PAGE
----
Keith Hansen, vice president of government affairs for Allegiant Travel Company, urged Congress not to increase the PFC tax on travelers. Air travelers are already paying hefty taxes on airfares, and further increases could put air travel out of reach for many leisure travelers, writes Hansen. “The truth is this: Airports are flush with cash
Increasing the PFC will add up quickly for families and those who fly often for business. Many travelers in rural areas who rely on smaller airports will be hit disproportionately hard by a PFC increase because they have access to fewer direct flights than those closer to major airports in big cities.
The Vermont Agency of Transportation will be getting about $3.1 million in federal funds to build a new taxiway at the Morrisville-Stowe State Airport. The agency says the taxiway will enhance safety by allowing new traffic patterns for the private, commercial, and glider pilots who use the airport.
It’s no secret that the Hilton Head Island Airport is growing. The $10 million grant will fund the terminal expansion, ”specifically targeting increased airline traffic, meeting the needs of a growing number of airline customers while keeping within the historical, geographical and budgetary boundaries of Beaufort County’s development plans,” Rembold said. Hilton Head’s grant is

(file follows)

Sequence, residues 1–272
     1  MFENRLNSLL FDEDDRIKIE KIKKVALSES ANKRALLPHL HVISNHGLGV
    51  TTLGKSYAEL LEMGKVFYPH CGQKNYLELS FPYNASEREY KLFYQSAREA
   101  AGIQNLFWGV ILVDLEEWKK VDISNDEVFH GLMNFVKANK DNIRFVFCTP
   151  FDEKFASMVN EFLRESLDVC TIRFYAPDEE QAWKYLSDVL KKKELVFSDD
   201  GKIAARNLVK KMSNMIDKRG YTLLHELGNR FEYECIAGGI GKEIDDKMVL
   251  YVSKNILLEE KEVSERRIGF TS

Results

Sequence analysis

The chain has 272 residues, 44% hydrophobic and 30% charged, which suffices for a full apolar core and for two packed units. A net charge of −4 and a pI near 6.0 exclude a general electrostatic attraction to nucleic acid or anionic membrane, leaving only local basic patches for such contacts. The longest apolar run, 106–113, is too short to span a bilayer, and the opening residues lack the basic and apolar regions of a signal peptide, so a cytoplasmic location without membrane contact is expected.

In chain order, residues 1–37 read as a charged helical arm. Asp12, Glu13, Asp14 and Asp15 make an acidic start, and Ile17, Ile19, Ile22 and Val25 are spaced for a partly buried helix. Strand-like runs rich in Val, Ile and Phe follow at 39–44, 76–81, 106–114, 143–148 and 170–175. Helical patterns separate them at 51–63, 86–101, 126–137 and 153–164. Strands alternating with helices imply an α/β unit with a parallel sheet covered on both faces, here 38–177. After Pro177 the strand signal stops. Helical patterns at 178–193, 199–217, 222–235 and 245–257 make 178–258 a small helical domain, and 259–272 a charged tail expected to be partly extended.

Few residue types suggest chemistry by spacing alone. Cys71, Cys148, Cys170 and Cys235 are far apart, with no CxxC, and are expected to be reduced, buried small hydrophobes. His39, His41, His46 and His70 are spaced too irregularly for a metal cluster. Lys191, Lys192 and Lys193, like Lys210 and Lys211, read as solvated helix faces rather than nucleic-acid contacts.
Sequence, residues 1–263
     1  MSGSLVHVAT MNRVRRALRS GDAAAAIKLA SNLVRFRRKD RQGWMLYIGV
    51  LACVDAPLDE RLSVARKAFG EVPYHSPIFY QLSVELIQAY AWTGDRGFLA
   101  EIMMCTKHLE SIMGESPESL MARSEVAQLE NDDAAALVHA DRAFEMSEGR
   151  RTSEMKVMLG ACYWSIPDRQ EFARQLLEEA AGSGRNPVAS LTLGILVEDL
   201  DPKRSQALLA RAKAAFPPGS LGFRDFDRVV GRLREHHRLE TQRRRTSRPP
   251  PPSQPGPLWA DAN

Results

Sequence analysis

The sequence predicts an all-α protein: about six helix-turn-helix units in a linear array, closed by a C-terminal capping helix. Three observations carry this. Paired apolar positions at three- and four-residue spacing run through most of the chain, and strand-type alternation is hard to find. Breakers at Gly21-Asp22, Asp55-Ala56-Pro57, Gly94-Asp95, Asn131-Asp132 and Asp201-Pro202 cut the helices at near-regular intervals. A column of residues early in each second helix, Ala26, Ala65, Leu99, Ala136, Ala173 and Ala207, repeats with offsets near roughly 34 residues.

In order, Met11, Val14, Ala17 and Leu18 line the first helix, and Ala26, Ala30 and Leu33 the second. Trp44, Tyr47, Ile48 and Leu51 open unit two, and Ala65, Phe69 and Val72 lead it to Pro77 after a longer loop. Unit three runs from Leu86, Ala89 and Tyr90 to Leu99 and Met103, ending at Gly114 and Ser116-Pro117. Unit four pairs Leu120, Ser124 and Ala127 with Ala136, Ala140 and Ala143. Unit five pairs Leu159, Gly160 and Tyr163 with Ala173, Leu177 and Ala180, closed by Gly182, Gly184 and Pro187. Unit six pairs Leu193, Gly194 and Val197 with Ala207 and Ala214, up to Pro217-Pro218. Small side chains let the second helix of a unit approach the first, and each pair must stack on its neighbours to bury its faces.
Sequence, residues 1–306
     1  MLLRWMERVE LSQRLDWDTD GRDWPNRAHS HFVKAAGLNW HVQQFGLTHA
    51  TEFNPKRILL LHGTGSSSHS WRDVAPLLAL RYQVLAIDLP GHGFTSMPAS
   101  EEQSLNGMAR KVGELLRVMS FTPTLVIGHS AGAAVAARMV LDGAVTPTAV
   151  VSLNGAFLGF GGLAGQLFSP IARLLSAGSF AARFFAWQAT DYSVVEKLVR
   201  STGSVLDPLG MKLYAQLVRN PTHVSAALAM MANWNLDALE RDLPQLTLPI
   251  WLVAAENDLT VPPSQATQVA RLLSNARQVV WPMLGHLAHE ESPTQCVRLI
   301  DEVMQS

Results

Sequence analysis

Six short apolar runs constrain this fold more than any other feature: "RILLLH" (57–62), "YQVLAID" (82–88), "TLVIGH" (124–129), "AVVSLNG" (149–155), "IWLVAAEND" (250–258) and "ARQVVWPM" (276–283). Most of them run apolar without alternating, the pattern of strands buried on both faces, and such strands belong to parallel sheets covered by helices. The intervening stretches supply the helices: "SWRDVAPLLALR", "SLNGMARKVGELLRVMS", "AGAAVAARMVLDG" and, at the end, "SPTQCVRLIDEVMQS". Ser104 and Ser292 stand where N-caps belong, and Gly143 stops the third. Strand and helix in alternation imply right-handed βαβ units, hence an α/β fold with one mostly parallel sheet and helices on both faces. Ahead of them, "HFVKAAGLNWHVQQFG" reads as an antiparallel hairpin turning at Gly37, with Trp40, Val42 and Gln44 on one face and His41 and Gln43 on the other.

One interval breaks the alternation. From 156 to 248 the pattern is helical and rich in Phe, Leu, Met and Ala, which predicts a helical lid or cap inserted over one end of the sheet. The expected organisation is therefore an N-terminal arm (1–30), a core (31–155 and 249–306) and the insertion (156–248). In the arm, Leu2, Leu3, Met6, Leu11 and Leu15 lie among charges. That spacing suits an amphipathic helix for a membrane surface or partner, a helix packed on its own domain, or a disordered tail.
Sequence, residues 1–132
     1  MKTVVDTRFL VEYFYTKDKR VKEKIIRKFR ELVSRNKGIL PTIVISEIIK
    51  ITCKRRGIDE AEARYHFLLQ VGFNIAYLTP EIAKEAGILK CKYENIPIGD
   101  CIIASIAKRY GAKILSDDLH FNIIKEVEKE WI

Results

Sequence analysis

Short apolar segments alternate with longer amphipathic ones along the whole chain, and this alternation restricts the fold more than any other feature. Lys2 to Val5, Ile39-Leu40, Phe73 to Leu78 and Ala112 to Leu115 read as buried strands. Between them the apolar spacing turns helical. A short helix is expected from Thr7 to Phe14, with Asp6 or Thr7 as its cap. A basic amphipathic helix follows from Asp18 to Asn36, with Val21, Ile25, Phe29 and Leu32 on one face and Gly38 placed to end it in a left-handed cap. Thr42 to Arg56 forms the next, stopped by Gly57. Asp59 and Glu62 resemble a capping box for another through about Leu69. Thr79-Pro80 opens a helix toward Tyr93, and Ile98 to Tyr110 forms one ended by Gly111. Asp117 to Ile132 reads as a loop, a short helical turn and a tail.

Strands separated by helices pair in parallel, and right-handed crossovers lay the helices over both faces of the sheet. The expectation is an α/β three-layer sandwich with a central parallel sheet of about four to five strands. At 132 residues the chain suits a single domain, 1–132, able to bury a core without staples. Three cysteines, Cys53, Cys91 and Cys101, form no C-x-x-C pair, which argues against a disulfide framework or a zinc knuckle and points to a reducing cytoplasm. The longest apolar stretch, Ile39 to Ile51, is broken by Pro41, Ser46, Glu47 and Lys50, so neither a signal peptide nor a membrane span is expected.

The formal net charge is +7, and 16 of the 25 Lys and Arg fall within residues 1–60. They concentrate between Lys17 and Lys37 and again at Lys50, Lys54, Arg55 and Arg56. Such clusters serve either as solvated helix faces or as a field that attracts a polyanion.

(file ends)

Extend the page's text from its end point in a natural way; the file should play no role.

The Lawton Fort Sill Regional Airport is launching into the first phase of construction to update its terminal. The design for the renovation was completed earlier this spring and a financial plan is now in place. At their last meeting, the airport authority approved a $15-million limit for the project which will be broken down
U.S. airports are already on track to collect billions in PFCs, and when combined with other government taxes and fees, more than 20 percent of the average ticket price is diverted to government coffers. The numbers are clear. Airports are not in danger, now or in the near future, of running out of infrastructure funding.